Upto 7 years jail term for child sexual offenders

New Delhi: A pathbreaking Bill dealing exclusively with sexual offences against children was passed by the Union Cabinet on Thursday providing for a jail term upto seven years and a fine of Rs 50,000 for such crimes.

The Protection of Children Againat Sexual Offences Bill, 2011, also legalised consensual sex with a person aged between 16-18 years.

The new law will cover all new aspects of sexual offences against children not covered elsewhere.

The proposed legislation aims at protecting children against offences of sexual assault, sexual harassment, pornography and provide for establishment of special courts for trial of such offences.

The bill provides for treating sexual assault as "aggravated offence" when it is committed by a person in position of trust or authority over a child including a member of the security forces, police officer, public servant, management or staff of a children`s home, hospital or educational institution.

It will be treated as an aggravated offence where the child victim is below 12 years or has mental or physical disability or the sexual offence causes grievous hurt or injury to the child with long term adverse effect on the child`s mind and body.

The punishment for such an offence would be imprisonment of upto seven years with fine.

The punishment for penetrative sexual assault has been proposed to be at least five years in jail and a minimum fine of Rs 50,000.

Sexual assault also includes fondling the child in an inappropriate way which will invite a penalty of minimum three years in jail.

Section seven of the bill provides for "no punishment" if the consent for sexual act has been obtained with a person aged between 16 to 18 years.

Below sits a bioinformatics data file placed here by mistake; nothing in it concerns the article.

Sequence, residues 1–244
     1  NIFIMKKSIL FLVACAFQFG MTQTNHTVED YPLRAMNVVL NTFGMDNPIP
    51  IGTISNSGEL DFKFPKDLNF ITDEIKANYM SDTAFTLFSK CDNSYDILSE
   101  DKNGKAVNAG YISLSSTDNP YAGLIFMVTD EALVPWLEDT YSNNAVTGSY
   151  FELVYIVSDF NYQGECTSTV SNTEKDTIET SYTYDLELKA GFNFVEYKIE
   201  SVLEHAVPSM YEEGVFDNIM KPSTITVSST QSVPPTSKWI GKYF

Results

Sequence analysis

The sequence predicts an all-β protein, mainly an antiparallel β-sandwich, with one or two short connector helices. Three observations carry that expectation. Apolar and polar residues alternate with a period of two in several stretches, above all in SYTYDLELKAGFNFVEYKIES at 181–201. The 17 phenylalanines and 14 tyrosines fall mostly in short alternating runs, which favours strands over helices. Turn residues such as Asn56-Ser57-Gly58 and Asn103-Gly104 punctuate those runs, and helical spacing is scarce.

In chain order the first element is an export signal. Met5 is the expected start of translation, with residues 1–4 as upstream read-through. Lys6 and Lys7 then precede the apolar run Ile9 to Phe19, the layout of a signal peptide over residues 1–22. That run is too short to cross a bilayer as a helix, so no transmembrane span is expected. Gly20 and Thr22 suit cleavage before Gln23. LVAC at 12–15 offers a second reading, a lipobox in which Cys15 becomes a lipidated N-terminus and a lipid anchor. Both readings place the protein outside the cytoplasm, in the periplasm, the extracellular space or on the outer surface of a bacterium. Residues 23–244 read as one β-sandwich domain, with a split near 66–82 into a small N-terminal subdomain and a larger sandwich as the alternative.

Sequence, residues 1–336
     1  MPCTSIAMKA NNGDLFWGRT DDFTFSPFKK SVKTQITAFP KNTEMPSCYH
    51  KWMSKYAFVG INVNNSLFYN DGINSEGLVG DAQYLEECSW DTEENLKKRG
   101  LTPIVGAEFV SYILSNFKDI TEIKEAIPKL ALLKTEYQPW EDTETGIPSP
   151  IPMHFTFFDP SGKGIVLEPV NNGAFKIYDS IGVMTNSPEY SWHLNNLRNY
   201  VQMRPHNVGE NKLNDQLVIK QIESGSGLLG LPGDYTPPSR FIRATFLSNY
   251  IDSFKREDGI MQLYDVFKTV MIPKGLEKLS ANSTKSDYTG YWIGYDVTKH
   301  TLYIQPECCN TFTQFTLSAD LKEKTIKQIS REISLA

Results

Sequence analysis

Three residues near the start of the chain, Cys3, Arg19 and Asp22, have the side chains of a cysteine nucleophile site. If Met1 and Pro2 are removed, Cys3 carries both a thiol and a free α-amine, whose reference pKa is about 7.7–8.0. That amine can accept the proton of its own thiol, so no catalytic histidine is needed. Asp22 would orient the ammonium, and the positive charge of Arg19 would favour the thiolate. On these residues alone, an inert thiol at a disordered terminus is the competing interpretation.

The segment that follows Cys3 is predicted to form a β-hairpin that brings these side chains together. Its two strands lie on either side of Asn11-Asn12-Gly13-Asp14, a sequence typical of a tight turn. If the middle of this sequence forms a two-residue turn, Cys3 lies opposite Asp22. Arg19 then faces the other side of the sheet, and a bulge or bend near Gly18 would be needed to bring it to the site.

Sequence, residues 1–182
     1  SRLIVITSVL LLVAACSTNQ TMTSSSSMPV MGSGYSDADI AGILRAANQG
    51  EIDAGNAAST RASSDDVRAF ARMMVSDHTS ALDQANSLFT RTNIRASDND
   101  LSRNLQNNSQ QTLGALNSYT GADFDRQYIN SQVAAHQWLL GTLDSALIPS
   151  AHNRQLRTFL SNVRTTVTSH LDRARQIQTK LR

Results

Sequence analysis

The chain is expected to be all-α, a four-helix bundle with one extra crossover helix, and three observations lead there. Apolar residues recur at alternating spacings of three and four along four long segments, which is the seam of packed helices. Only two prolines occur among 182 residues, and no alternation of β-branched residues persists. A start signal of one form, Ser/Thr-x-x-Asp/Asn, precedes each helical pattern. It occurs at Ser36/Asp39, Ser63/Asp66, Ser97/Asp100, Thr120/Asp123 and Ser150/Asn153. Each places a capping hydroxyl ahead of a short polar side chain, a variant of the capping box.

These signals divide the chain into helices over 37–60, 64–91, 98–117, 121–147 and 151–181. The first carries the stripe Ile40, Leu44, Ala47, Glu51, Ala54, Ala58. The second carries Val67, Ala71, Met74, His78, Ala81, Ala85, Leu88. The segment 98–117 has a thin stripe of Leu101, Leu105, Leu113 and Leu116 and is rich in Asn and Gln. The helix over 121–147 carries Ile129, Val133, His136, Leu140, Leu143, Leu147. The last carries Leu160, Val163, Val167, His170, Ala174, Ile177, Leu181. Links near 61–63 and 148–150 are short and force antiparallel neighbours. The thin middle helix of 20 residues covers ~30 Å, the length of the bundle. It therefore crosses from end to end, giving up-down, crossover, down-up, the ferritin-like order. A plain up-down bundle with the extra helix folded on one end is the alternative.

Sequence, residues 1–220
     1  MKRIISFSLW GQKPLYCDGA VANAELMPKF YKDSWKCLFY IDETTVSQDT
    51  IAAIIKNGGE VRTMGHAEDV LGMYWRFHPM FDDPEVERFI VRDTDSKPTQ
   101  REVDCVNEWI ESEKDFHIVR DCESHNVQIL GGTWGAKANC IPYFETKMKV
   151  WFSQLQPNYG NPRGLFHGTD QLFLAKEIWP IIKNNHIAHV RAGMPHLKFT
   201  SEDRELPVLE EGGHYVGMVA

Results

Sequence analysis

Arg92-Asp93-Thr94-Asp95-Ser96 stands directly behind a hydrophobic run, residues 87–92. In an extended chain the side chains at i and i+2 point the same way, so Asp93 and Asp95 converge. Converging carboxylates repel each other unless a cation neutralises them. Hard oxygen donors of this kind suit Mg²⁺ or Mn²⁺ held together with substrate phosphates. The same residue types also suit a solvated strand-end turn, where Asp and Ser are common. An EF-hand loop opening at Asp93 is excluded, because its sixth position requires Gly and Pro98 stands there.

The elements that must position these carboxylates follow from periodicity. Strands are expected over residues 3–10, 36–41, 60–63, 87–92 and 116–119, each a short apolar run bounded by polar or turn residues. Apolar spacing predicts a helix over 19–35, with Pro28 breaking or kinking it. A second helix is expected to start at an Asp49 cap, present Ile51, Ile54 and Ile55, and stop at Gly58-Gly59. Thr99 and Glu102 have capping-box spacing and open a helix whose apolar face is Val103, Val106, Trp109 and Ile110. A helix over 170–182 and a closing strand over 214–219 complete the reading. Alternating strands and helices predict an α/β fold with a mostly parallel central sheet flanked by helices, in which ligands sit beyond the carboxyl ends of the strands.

There is a special provision in the bill preventing abuse of children for pornographic purpose or possessing pornographic material involving children.

There will be an obligation on the media, studio and photographic facilities not to report such cases and failure to do so will attract punishment.

The media has been barred from reporting the cases without having complete and authentic information and from disclosing the indentity of the child.

The National Crime Records Bureau data shows that there has been a significant increase in cases of sexual offences against children from 2265 in 2001 to 5749 in 2008.

A study on child abuse conducted by the Women and Child Development Ministry showed that more than 53 per cent of children interviewed reported having faced one or more forms of sexual abuse.

Fifty per cent abusers were persons known to the child or in a position of trust and responsibility, it said.

The bill envisages guidelines for media on reporting that would bar giving details of the victim and accused children`s family or personal details or any form of reporting that can lead to their identification. Besides, it proposes special courts and more sensitive ways in dealing with crimes against children.

In her address to joint sitting of both houses of Parliament at the beginning of the budget session, President Pratibha Patil had mentioned the government`s proposal to introduce the bill.

Congress President Sonia Gandhi was keen to see the bill through and had written to Women and Child Development (WCD) minister Krishna Tirath last year asking her to hasten the pace of the legislation focusing on sexual abuse of children, sources said.

Amid reports of differences between ministries, she as NAC Chairperson had asked the WCD ministry to coordinate with the Law Ministry which had already prepared a draft bill on similar lines.